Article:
When my buddy and I made the (disastrous) decision to make our own cheapie horror film, we were allowed to shoot a scene or two inside the building. A few years later, we took our son to see a holiday special they were putting on, which he liked quite a lot. Not as much as video games, but hey, he’s a 21st century kid.

So I was a little shocked to learn that the theater had been condemned a few years back, and was going to be demolished. Here’s what it looks like on Google Maps as I write this.

Jet City Improv theater, now condemned and covered with graffiti

Taken from Google Maps, Sept ’22

I remember when they painted the building yellow. For weeks after they moved in, they had friends and acquaintances who wanted to come to the new venue but who couldn’t find it. They’d drive down the street, looking for the theater, and somehow just pass it by. The shadow you see in the lower right is for a bus shelter, but even saying “Next to the bus shelter” didn’t do them any good.

So they bought a few gallons of yellow paint and made the building un-missable.

I remember one of the founders telling me that, as they were slapping on all that bright color, a business owner from across the street yelled at them for making the neighborhood garish or whatever. A week later, that same business owner was telling customers on the phone that they were “across the street from the big yellow theater.”

That’s how I remember the story, anyway.

But nothing last forever. The building sold and was set to be demolished a few years back. It was left to decay, as you can see in the pic above.

And then this happened:

The condemned theater on fire, at night, while firefighters work on it.

This is just a couple of weeks ago.

Here’s a little video:


Supposedly, witnesses heard an explosion when the fire started, and some saw a person on the roof while it–and they–were burning. Firefighters couldn’t recover the body until excavators removed the roof. I can’t find a mention in the media about who this person is, but the SFD has determined that it was intentionally set.

Maybe the body was the arsonist. I certainly hope it wasn’t a squatter.

Seattle has seen a string of arsons at the end of last month. As usual, people are blaming the crimes on whoever they hate most. Some point at addicts living in condemned buildings. Some blame developers who want to get their projects fast-tracked. Personally, I wonder if it could just be a neighbor who hated the way an undemolished ruin makes their neighborhood look. I’ve asked about it but gotten no answer.

And obviously I think it might make an interesting book.

I’m glad Jet City is still active, although it’s sad to think that the building is gone.

There are no permanent things.

Somehow, I’ve Become Scary Again


For most of my adult life, women crossed the street when they saw me walking toward them.

Not crowded city streets, but in residential areas, where it’s just me heading in one direction reading a library book and them coming in the other direction, often walking a dog, by the time I got within half a block of them, I’d look up and notice that they’d crossed to the other side.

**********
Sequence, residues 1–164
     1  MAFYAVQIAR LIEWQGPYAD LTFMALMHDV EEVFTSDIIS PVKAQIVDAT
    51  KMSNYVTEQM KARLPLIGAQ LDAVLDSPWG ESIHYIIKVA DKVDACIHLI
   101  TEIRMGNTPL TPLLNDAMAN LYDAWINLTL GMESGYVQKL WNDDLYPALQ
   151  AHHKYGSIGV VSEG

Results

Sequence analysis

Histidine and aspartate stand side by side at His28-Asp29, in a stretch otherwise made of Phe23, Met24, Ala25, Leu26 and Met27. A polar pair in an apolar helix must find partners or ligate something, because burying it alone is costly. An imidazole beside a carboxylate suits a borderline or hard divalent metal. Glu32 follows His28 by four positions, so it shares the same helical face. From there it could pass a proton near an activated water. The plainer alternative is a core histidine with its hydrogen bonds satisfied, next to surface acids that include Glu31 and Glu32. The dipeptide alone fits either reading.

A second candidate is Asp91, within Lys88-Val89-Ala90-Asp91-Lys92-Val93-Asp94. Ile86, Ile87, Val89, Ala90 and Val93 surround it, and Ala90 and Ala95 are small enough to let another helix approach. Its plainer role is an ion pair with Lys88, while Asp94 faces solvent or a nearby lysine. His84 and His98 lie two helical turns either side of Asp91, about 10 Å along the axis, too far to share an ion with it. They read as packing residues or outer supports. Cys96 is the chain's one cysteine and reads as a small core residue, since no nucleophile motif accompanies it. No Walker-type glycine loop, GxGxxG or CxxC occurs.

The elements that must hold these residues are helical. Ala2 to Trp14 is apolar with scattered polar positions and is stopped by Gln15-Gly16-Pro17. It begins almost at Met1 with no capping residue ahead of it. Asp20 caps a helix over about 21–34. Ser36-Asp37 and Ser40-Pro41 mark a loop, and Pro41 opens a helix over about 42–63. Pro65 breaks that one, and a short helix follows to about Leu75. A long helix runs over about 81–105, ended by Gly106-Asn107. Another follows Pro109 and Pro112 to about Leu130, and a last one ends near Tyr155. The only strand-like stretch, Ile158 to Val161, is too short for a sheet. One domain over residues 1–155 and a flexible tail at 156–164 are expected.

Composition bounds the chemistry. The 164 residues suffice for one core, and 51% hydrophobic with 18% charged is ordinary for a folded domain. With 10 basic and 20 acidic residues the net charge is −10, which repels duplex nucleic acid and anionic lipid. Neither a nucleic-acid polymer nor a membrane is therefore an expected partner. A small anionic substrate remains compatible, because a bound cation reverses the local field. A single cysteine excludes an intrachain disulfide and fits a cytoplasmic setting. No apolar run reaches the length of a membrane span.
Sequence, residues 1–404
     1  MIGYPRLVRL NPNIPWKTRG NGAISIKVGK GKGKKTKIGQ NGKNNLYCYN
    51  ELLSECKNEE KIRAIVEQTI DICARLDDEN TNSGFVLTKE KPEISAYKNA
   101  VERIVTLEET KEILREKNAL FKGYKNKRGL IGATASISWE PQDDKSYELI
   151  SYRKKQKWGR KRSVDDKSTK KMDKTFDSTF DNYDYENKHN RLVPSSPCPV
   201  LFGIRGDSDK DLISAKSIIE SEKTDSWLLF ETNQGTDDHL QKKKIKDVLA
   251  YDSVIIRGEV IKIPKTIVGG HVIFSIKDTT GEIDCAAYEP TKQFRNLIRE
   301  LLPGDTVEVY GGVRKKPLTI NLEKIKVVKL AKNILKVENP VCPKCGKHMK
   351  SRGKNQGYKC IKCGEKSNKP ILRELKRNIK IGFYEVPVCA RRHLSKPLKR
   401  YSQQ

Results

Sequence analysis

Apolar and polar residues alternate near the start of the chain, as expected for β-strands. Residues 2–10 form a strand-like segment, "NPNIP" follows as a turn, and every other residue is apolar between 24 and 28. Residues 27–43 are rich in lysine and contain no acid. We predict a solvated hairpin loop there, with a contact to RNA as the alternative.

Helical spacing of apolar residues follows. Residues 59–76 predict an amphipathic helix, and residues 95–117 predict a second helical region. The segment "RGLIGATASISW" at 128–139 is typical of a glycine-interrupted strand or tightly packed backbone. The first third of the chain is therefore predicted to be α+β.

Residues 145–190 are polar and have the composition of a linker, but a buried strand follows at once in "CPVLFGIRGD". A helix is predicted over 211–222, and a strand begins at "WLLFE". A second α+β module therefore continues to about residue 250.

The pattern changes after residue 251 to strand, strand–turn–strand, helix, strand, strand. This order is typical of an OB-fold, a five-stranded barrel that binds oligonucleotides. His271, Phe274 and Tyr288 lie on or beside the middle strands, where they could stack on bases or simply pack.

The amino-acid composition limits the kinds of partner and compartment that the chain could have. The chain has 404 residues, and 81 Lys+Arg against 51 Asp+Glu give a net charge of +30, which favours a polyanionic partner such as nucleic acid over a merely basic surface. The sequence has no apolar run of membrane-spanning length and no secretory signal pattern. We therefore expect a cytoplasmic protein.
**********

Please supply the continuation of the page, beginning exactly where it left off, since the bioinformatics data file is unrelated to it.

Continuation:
Which is fine. I know there are guys who take this shit personally (I’ve argued with them) but I don’t. People should do what they need to do to make themselves feel safe. What does it matter to me if a neighbor looks me over and thinks “I don’t think so”? It doesn’t. I just wish I didn’t make them feel uncomfortable.

Then, a few years back, I noticed it had stopped happening. I would pass people on the sidewalk–women, men, couples, whatever–and say hello, then move on with our day.

Finally, I thought, I’ve gotten old.

But recently, I’ve made an effort to get out into the neighborhood and walk as much as possible, and it’s happening again. I’m not sure why. I’m fatter than I was during the pandemic. My clothes are a little older. So am I.

So, to the folks in my neighborhood, I’m sorry for making you feel unsafe. I’d stop if I knew what to do. Hopefully, I’ll go back to looking old and harmless and we can go back to saying hello again.

Writing update: I started a new novel that is not 20 Palaces. I told myself that this time I was going to start it off right and write the whole book without ditching the opening chapters and starting over, as I usually do.

I’ve already ditched the opening chapters twice.

Third time’s the charm, right?

Key/Egg Reviewed in the Current Issue of F&SF, Eight Years After Publication


Today I’m writing about something I never expected and which I still don’t know how to think about it. I mean, I have literally spent the last ninety minutes starting and deleting this post. 

After Circle of Enemies, I wanted to write something that wasn’t quite so dark and mournful. Even though I had more Twenty Palaces books in mind, I wasn’t ready to continue working in that style and tone.

Therefore: A Key, an Egg, an Unfortunate Remark, which most of you reading this already know is a pacifist urban fantasy with a main character in her sixties who is a cross between Gandalf and Auntie Mame. In a genre that has sometimes felt like a series of Mike Hammer novels that slotted vampires in place of gangsters, I wanted to do something different.

Like an idiot.


Here we are, eight years later, and the latest issue (July/August, 2023) of The Magazine of Fantasy and Science Fiction has a review of Key/Egg in the “Books to Look For” section.

That’s Charles de Lint’s review column. What’s more, he finished his review with the phrase, “Highly recommended”. 

If you look at de Lint’s Wikipedia page, it correctly states that he “pioneered and popularized the genre of urban fantasy.” To have this bestselling author, winner of a World Fantasy Award and an Aurora—one of the authors who helped define the non-Mike-Hammer end of this genre—pick up one of my books and give it a glowing review eight years after it was first published, well….

Like I said, I didn’t expect this and I haven’t really wrapped my head around it yet, but having a pioneer in the genre like de Lint give the thumbs up to this book–which I truly believed in but which pretty much went nowhere–gives me complicated feelings. 

Some highlights from the review: 

“too entertaining not to give you a head’s up about its existence”